952: Stud Finder
Title text: According to every stud finder I've tried to use, my walls contain a rapidly shifting network of hundreds and hundreds of studs.
It sounds like you may be interested in my new product, a— stud finder finder.
In the comic, Cueball cannot locate his stud finder, so Black Hat begins a sales pitch for a "stud finder" finder. The joke is in the irony of having to find something that is used to find other things. Cueball interrupts Black Hat before he can make the obvious joke. (The same comic technique is used later in 1059: Bel-Air.) Currently no product exists that will locate a stud finder, but online review compilations are useful for finding the right stud finder to buy.
Studs are vertical wood members in wood-framed construction common in North America (though recently, steel framing has become a popular alternative to wood.) These supports reinforce a wall at regular intervals (18 inches, about half a meter, being typical) and at corners, windows, and doors.
A stud finder, using an electrostatic field that is affected by the densities and types of materials in the vicinity (wood or steel vs either empty space or relatively low-density insulation) identifies where studs and other significant framing elements are located. One would need to know the locations of studs within a wall for installing wiring, mounting shelves, or in this comic, hanging a picture. Wiring can be inserted between studs behind the drywall, while shelves, pictures, etc. are better affixed to studs.
Most stud finders have a light that turns on in conjunction with a beep when a higher density is detected, indicating the edge of a stud. There are circumstances that can fool stud finders. Most are designed for the drywall-over-wood-framing construction, and would be fooled by older plaster and lath construction (where the density is much more uniform throughout the length of the wall.) Lower quality stud finders can be fooled by things like moisture in the drywall, or wiring within the wall cavity, and may thus beep when there is not a stud immediately behind the scanned location. As a result, many people will try alternatives such as using a magnet (to find the drywall screws or steel stud) or tapping a finish nail through the wall to see if there is a stud underneath. Others, like the narrator of the title text, will give up. Assuming there was no electrostatic interference, a stud finder going off randomly would indicate lots and lots of studs at random places that change position.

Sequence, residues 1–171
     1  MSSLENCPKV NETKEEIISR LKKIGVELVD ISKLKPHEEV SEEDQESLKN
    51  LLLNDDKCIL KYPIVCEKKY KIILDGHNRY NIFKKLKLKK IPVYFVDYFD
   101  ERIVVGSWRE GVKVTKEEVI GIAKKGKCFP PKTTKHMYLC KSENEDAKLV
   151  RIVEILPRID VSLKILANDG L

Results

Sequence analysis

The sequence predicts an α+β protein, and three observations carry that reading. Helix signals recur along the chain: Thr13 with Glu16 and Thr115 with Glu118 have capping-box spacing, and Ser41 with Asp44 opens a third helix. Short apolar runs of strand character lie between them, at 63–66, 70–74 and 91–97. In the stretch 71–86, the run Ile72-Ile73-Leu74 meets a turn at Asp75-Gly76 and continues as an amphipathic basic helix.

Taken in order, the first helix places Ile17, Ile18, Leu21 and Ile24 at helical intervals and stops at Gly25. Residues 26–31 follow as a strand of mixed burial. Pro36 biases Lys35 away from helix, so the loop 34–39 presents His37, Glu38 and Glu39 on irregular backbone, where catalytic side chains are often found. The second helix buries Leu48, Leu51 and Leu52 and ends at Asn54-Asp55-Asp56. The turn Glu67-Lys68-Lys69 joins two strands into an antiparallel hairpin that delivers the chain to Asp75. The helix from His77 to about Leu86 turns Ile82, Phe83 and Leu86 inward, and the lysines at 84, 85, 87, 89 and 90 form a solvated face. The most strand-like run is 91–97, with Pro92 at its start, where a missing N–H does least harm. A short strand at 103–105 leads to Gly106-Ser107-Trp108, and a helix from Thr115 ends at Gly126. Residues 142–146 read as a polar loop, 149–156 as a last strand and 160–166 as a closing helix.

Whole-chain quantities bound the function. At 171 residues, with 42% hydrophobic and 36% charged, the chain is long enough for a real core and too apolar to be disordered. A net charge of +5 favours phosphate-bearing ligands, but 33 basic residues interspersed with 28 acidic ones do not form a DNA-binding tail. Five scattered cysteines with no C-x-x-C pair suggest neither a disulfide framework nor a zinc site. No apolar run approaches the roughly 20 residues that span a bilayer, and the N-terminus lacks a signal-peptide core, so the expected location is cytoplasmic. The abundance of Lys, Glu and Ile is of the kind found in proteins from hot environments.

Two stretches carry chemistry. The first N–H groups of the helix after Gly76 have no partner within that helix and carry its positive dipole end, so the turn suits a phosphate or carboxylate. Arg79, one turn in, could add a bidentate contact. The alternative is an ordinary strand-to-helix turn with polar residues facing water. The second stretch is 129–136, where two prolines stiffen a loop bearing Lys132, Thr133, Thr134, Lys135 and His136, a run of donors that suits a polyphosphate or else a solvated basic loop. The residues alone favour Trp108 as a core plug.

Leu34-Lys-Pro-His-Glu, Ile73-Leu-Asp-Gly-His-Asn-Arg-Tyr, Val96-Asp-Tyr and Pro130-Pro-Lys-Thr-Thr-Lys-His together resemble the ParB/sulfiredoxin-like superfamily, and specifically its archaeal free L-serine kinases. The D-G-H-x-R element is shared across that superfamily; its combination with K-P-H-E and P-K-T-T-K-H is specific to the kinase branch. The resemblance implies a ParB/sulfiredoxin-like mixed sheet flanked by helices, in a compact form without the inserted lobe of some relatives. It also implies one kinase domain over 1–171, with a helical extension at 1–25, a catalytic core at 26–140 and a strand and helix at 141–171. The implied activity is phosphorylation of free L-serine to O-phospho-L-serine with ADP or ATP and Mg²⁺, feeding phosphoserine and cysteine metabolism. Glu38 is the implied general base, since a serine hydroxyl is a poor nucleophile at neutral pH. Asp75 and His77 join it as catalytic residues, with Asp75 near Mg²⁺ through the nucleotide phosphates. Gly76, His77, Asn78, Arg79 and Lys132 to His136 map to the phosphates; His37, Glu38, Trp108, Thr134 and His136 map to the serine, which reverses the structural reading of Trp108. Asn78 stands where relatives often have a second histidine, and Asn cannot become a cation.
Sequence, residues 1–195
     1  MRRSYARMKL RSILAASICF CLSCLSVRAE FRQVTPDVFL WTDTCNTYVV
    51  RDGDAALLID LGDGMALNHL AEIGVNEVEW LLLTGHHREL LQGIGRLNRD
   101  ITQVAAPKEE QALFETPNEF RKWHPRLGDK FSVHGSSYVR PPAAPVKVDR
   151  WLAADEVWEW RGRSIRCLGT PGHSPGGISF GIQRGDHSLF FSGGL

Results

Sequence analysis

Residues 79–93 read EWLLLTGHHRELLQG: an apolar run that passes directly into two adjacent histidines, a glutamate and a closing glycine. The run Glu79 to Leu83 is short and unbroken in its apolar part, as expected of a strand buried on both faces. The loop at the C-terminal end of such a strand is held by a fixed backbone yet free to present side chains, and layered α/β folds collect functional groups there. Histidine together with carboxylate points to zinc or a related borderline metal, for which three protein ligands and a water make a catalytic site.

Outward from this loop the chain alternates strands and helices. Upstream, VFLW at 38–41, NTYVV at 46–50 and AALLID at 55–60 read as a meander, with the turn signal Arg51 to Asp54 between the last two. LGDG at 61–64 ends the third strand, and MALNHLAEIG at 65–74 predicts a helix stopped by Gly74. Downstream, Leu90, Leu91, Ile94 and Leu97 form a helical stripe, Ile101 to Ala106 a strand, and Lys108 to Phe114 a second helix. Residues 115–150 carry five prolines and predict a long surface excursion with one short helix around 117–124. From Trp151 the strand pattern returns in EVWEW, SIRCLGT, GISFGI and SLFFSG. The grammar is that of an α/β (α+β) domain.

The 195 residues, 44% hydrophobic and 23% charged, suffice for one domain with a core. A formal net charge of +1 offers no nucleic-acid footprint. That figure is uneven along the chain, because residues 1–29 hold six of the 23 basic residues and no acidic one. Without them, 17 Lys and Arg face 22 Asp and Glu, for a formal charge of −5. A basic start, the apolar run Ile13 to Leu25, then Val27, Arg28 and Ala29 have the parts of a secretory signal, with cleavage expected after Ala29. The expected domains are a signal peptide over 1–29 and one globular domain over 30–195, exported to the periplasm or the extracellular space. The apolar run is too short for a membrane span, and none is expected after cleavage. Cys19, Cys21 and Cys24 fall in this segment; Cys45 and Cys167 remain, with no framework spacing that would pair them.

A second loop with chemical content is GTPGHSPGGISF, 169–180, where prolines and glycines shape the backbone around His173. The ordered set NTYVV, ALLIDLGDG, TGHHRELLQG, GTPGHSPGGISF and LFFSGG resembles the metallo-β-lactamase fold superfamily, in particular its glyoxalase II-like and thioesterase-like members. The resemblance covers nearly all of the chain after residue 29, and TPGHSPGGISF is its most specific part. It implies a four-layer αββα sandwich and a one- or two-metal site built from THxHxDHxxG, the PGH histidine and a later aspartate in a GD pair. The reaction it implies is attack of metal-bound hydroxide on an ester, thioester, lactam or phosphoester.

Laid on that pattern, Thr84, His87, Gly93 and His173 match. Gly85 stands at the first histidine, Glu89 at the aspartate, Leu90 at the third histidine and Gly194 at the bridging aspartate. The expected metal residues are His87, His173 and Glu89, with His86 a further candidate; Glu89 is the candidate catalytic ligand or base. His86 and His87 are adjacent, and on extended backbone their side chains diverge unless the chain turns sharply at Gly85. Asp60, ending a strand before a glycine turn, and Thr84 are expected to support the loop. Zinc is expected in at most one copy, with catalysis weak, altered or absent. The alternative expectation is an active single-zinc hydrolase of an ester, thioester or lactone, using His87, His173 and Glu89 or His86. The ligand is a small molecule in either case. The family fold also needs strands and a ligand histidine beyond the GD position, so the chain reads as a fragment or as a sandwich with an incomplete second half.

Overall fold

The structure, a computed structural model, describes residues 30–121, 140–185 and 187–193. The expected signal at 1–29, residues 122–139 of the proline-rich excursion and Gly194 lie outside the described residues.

- [Black Hat sits on a couch, reading a book. Cueball is approaching him from behind the couch holding a picture in a frame, a screwdriver, and some screws.]
- Cueball: Have you seen my stud finder? I've looked everywhere.
- Black Hat: It sounds like you may be interested in my new product, a—
- Cueball: Shut up.
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